ND to continue using early action
Rohan Anand | Tuesday, September 26, 2006
A few days before Christmas 2005, freshman Chris Holland arrived at his Louisville home to see that his mom had posted a Notre Dame flag in his front yard. Inside was an official acceptance letter granting him admission to the University’s Class of 2010 via the Early Action program.
“I was ecstatic,” he said. “Not only because Notre Dame was my dream school, but because the whole college admissions process was finally over.”
Just as Holland’s white-knuckled months of sleepless nights ended, his current roommate, Conor Troy, discovered his Early Action application was deferred to the regular decision pool.
“I was clearly discouraged at first because Notre Dame was my first choice,” Troy said. “But I also realized it was a big application pool and I was hopeful for the regular decision results, so I focused on working hard senior year and keeping my grades up.”
Both Holland and Troy’s scenarios point to the ambiguity involved in the college-admissions process – and, more specifically, the debate sparked by Princeton University and Harvard College, two schools that just cut their early admission programs for classes entering in the fall of 2008.
With the rising competition to gain admission into highly selective universities like Notre Dame, the University’s Early Action program is not just a method to increase yield, said Son Nguyen, assistant director of the Office of Undergraduate Admissions.
“The hype for American colleges is increasing, and people want more and want to know sooner,” Nguyen said. “But here at Notre Dame, we want our Early Action program to be a service to our students.”
Notification under Early Action gives students – whose credentials are considered in the context of a smaller application pool – a clear admissions decision early in their college application process, even if it causes unhappiness, said Assistant Provost for Admissions Dan Saracino.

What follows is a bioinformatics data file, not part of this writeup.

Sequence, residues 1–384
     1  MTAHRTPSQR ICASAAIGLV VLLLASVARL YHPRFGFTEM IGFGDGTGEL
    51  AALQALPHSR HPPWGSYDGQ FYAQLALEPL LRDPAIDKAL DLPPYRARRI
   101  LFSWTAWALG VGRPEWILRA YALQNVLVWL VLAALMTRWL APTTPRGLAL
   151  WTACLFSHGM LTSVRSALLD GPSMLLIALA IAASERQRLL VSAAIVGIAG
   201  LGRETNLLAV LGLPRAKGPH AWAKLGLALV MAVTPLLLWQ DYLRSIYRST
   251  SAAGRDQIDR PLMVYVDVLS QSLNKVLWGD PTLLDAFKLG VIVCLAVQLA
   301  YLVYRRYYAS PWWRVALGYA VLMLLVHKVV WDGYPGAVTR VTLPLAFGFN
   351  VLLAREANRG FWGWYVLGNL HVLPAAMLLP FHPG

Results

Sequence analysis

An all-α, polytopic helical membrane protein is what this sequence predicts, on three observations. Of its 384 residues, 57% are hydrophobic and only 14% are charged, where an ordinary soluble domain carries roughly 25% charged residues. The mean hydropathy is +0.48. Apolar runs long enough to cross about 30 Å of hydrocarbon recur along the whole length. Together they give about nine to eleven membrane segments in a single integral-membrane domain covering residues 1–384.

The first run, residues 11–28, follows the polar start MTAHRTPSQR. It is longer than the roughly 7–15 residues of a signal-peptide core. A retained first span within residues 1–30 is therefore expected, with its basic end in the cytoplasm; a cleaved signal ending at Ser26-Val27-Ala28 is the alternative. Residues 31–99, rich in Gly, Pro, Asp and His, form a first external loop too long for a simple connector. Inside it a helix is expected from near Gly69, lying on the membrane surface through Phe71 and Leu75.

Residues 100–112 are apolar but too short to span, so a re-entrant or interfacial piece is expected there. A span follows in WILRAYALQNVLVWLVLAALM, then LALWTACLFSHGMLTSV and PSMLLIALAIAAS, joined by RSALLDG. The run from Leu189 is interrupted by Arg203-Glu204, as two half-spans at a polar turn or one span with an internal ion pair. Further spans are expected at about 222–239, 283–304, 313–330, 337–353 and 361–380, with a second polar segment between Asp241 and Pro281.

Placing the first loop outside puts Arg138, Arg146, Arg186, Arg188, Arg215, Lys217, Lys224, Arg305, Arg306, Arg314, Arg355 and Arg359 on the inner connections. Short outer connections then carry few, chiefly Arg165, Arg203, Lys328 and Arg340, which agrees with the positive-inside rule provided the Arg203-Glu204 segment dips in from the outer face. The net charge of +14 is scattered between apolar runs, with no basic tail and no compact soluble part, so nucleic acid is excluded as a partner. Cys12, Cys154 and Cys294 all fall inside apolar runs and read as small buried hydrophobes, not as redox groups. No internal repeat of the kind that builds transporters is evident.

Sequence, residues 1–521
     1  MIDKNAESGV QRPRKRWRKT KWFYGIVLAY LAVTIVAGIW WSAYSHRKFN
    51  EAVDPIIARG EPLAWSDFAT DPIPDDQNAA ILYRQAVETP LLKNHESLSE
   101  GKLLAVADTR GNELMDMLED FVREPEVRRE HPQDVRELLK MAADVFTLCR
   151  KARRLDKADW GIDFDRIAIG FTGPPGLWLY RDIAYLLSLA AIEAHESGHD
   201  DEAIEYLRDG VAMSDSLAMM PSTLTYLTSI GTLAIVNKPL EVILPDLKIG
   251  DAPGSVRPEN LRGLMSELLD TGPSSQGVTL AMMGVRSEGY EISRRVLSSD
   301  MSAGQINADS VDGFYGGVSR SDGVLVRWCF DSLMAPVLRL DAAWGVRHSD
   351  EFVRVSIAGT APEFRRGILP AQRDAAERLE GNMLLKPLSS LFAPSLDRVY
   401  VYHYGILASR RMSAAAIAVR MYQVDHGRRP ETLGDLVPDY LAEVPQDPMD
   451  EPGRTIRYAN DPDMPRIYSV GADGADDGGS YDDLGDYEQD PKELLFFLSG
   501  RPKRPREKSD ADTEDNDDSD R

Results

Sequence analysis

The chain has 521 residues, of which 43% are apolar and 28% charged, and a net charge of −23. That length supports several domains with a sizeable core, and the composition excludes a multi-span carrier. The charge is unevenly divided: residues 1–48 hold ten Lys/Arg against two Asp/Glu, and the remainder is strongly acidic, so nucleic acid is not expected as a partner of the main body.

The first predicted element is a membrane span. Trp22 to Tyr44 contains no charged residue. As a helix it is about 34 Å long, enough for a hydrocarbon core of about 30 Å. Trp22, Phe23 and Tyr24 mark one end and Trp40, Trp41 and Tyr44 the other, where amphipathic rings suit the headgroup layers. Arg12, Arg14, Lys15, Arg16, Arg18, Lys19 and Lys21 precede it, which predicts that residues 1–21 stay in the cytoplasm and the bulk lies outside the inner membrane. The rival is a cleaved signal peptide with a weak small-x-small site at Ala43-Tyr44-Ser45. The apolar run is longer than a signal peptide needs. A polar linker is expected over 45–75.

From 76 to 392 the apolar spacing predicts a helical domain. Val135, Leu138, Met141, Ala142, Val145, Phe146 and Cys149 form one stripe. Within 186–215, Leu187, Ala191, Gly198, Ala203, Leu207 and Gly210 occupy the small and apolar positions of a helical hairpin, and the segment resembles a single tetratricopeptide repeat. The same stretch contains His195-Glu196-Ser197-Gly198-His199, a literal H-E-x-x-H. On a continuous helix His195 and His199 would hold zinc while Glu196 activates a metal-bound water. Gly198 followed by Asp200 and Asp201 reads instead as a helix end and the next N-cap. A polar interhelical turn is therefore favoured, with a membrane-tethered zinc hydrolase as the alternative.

“Under the Early Action program, to notify denied students before Christmas allows them more time to start focusing on other colleges,” Saracino said. “High school counselors have called us and asked for us to keep it because it really works towards students’ advantage.”
Applicants who wish to be considered under Early Action typically submit their completed application file by Nov. 1 and receive a response by mid-December about whether they were admitted, deferred to the regular decision pool or denied.
Notre Dame’s unrestrictive Early Action program differs from those of other institutions, which typically offer either a binding Early Decision agreement or Single-Choice Early Action.
While the other two choices generally prohibit students from applying early to more than one institution, Notre Dame’s program permits Early Action students to apply early to as many schools as they wish.
“With regards to Notre Dame, the Undergraduate Admissions office wants a student to apply early when they feel that their profile is at its best,” said Associate Director of Undergraduate Admissions Gil Martinez. “It’s the fairest and kindest method available for them.”
But it’s likely that Notre Dame’s Board of Trustees and admissions officers are taking note of the Princeton and Harvard decisions.
In a statement released on Sept. 18, Princeton President Shirley Tilghman said Princeton’s binding Early Decision program “advantages the advantaged” and a single admissions process would insure greater equality in determining each class.
As a result, colleges nationwide have found themselves scurrying to re-evaluate their systems and decide whether they should follow suit. Ivy League schools in particular – like Cornell – are under pressure to begin monitoring the pros and cons of their respective programs.
Senior Tim Chlon, who was accepted under Early Action during his senior year of high school, said the early notification and the non-binding commitment was convenient for him.
“I don’t think that Early Action benefits the advantaged anymore than anyone else, because it’s just an application, and it doesn’t require any more money to send it in earlier or later,” Chlon said. “Instead, it gives you as many options as possible.”
Martinez also said the process of Early Action doesn’t put any students at a disadvantage.
“While it’s true that upper class applicants may have more resources than lower class students, the choice is usually up to the students,” he said. “If they understand the process, they make the choice.”
Nguyen said students who can no longer apply early to other schools may look more into places like Notre Dame that retain the Early Action program.
“We like where we stand by offering our applicants a lot of flexibility compared to other schools,” he said. “Then again, for now, we’re only dealing with Harvard and Princeton, so we’ll wait to see what’s going to happen later on.”